BRAD DOKKEN: October: The best month on the outdoors calendarThe precipitation was needed, for sure — especially in fire-ravaged areas of northwest Minnesota — but did it have to be snow? Still, October is young and opportunities abound.
By: Brad Dokken, Grand Forks Herald
October is arguably the most anticipated month of the year on the outdoors calendar, and waking up to accumulations of wet, heavy snow like so many of us did Thursday morning wasn’t the way we wanted to start.
The precipitation was needed, for sure — especially in fire-ravaged areas of northwest Minnesota — but did it have to be snow?
Still, October is young and opportunities abound.
It was the fall of 2005 when southwest North Dakota got shellacked with a foot of snow on the opening weekend of pheasant season. The wet, heavy stuff snapped tree branches in Dickinson, N.D., and put a real damper on the hordes of hunters who had taken the field in pursuit of North Dakota’s most popular upland game bird.
The timing of the snowstorm couldn’t have been worse.
A friend and I made the trek to southwest North Dakota the next weekend, and the only signs of the storm we encountered were damaged trees in Dickinson and several younger, more vulnerable pheasants that had succumbed to the elements. We saw most of the dead birds hunkered near round hay bales where they’d tried to seek shelter.
The snow was long gone, though, and the temperature had risen into the 60s. The number of pheasants we saw that weekend was unlike anything my hunting partner and I had ever experienced.
My hope is that the snow that blanketed the region way too early for my taste soon will be just a memory, as well. Much as I like snow, I don’t like it in October when I’ve got grouse hunting and fishing trips on the calendar and outdoors projects that badly need completing.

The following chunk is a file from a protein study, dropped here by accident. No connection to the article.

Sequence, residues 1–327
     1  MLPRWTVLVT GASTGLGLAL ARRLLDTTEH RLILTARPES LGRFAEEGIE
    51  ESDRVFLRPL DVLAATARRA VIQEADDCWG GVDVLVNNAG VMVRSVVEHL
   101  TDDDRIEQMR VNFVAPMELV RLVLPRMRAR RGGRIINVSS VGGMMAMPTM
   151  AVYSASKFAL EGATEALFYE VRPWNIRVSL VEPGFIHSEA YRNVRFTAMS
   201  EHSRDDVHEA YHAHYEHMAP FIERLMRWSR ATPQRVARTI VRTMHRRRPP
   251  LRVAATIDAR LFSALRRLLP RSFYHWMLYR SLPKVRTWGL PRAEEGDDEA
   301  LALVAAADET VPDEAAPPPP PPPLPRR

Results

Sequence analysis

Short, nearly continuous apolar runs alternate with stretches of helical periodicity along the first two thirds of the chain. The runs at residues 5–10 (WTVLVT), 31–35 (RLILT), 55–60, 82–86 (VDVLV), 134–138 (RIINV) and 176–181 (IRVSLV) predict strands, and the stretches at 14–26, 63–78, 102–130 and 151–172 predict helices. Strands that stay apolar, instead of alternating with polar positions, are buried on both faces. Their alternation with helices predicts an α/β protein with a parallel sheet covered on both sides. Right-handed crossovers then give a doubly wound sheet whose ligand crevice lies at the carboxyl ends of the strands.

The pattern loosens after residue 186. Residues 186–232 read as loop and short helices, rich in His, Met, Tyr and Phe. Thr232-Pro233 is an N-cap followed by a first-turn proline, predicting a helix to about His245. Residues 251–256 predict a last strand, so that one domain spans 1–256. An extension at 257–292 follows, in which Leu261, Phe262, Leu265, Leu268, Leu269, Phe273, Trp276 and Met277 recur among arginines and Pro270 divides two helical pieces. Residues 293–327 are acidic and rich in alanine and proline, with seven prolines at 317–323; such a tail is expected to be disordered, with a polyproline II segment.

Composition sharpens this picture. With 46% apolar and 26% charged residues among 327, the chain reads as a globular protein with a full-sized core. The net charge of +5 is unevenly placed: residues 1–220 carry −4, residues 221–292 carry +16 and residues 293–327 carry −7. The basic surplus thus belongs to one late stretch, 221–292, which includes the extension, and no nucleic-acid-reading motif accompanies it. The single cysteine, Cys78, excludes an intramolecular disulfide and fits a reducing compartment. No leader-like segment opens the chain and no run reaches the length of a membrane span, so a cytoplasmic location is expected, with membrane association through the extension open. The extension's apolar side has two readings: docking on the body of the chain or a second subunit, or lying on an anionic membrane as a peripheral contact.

A few other observations on a month that will pass too quickly:
- Waterfowl hunters likely are seeing an uptick in hunting success this weekend if the snowstorm pushes birds down from Canada, as I suspect it has. That will be especially good news for hunters in northwest Minnesota, where duck hunting success dropped during the second weekend of the season. Sunny skies and 80-degree temperatures didn’t help the cause.
- As you’ll see elsewhere in this section, hunters planning to take the field for next weekend’s North Dakota pheasant opener have plenty of reasons for optimism. Roadside counts showed a 59 percent increase in statewide pheasant numbers from last year, and if the weather cooperates, there’s no reason hunters shouldn’t surpass last season’s tally of 683,000 birds in the bag. This year’s outlook also is more favorable in Minnesota, where a mild winter and a warm spring aided production.
- Waterfowl hunters in the Lake Region should consider keeping the fishing rods handy this fall. Fishing on Devils Lake was good right up until the late-week storm, and there’s no reason to expect it won’t be back on track as soon as the weather improves. Some of the best reports, of late, have come from current areas near any of the bridges on the lake. Ducks in the morning and walleyes in the afternoon sounds like a great combination to me.
- While I was busy pounding nails in the middle of a project at the family getaway recently, I got a text message from a friend who said he’d pounded walleyes that morning on Lake of the Woods near Long Point. Good reports have come from several areas along the lake — at least on the days when wind conditions allow access.
- Fishing reports also are improving along the Rainy River, a sure sign of fall. Some years are better than others, but the Rainy traditionally draws walleyes from Lake of the Woods this time of year in pursuit of shiner minnows. I’ve heard reports of anglers doing well, and catching the occasional big walleye, near the mouth of the river. Fishing should only improve as fall progresses.
- Reports from Department of Natural Resources conservation officers indicate ruffed grouse hunters in northern Minnesota are having better-than-expected success this fall, despite a substantial decline in spring drumming counts.
- Low flows were expected to result in a smaller run of “greenback” walleyes from Lake Winnipeg into the Red River near Selkirk, Man., this fall, but a few anglers have reported success. A friend emailed me a photo last Saturday of a big greenback he’d released near the mouth of the river. He said he didn’t measure or weigh the walleye, but it easily weighed 8 pounds.
Dokken reports on outdoors. Reach him at (701) 780-1148; (800) 477-6572, ext. 1148; or send email to firstname.lastname@example.org.